I was late to the meditation game. I was first exposed to the idea in the late 90s when I was grieving my daughter’s death. My therapist recommended it and I gave it my best. My best consisted of sitting/laying in bed, trying to “focus on my breath” and achieving one of two outcomes: Getting completely carried away in thoughts, or falling back to sleep. I didn’t get it.

Fast forward after reading James Clear’s powerful book Atomic Habits in 2017, I put his methods to the test. Atomic Habits is a “how to” guide on installing or deleting habits. Clear (in addition to other writers with expertise on the subject) suggests that if you want to install a habit, consistency is more important than intensity. Make the new habit so easy, you can’t fail. Then follow the momentum by making incremental gains.

So I set an intention to meditate for one minute every morning. Eventually that expanded to 10 minutes. Over the years I have trained myself to meditate for longer periods than that, but for some reason 10 ish minutes seems to be the right amount of time for me.

I read somewhere that (paraphrasing) “Meditation is not about UN-Plugging, it’s about Plugging In.” Hmmm. I thought it was a way to “check out” or “get a break” from reality.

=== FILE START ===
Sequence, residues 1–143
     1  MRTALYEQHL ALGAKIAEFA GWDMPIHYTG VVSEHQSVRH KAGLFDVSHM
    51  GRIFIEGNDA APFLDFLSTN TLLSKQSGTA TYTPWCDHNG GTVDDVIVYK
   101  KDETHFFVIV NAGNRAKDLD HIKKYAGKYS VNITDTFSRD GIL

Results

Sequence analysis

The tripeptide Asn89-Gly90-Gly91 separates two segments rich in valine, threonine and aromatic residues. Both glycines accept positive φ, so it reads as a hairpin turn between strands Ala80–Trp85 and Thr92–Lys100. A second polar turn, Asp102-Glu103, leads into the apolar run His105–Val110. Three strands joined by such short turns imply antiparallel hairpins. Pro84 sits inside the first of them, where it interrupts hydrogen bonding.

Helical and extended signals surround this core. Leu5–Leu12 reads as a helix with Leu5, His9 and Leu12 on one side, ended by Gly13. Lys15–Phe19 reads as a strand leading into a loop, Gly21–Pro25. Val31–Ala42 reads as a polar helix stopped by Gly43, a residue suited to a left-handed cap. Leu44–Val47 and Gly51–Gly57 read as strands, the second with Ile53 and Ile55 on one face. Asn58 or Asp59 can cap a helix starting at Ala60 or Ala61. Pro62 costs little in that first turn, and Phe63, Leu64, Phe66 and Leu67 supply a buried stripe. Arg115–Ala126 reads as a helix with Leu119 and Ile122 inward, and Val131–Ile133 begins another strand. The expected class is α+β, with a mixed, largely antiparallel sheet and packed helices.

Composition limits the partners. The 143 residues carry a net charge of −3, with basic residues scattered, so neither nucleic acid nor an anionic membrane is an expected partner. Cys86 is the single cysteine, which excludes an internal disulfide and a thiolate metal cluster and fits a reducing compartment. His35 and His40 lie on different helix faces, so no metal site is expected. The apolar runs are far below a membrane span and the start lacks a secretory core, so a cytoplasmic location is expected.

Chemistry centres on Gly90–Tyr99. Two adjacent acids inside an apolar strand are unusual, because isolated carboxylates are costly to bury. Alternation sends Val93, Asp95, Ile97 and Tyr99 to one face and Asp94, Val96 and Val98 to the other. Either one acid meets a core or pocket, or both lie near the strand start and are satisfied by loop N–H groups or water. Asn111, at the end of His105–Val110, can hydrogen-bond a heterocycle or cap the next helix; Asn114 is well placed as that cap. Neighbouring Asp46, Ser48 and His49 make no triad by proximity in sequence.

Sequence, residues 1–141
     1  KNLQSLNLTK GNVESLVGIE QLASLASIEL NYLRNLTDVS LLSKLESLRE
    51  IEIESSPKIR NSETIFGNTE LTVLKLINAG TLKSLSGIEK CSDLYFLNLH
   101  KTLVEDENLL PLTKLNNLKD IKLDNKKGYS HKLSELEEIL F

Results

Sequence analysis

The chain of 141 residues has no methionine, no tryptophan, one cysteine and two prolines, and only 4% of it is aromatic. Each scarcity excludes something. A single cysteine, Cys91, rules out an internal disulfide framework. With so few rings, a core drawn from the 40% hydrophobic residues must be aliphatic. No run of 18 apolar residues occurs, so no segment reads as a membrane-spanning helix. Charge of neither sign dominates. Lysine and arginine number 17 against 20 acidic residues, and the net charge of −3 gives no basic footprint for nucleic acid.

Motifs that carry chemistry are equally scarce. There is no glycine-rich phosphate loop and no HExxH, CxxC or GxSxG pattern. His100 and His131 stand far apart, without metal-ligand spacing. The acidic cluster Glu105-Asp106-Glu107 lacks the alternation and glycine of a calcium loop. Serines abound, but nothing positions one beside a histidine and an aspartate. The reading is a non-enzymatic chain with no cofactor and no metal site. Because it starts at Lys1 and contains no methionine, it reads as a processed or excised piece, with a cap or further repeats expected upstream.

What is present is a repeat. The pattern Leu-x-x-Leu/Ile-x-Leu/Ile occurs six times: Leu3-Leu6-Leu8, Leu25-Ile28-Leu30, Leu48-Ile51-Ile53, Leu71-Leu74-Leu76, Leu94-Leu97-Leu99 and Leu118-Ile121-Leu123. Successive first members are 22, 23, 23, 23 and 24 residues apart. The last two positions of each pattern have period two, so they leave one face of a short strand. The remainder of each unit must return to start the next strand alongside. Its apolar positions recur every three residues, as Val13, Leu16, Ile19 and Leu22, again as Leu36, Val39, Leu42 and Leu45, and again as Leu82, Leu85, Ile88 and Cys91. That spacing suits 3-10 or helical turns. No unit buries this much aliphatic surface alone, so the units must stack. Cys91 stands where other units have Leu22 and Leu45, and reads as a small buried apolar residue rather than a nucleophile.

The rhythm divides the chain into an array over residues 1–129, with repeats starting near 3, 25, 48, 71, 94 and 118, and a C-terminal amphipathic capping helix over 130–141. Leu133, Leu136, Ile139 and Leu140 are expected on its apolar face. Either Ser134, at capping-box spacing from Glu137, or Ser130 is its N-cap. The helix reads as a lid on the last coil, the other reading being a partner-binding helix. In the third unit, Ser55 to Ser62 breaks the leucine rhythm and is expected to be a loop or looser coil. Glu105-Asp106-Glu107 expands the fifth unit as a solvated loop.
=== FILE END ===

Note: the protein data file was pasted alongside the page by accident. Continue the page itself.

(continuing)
Quite the opposite. Speaking now from my own experience, meditation is about going deep and slowing our minds down. It’s about training our minds to NOT be captive to all of the thoughts that run rampant when we DO slow down. It’s about being here, now.

There are endless resources to learn about meditation if you are so inspired. But it can be challenging to commit to a disciplined practice if you haven’t reaped the benefits yet.

The best way I can describe my own practice is this: It’s like going under water, where you can still hear things but they are muted. There is a calm, slowed energy that takes over the noise and endless stimuli in our environment. I am confident this is an idiosyncratic experience and we all have our own unique manifestations of the practice, there is no “right” way or “perfect” practice.

I am sharing this concept because my meditation practice brings me great peace, although it took 2 decades for me to actually dive in. It’s not about an escape, but rather a presence, showing up in the current moment, just as it is. Plugging In to what is here, and now with acceptance and non-attachment and setting my mind at the start of the day.

If you have dabbled with meditation and not seen the point, don’t give up! Try setting aside one minute per morning for a month or two, and look for evidence that “plugging in” before you go out into the world has an impact on your day and how you respond to it.

PS: A kitchen timer is a great way to capture and expand your time so you are not holding your phone, or looking at the clock.

Click to access the login or register cheese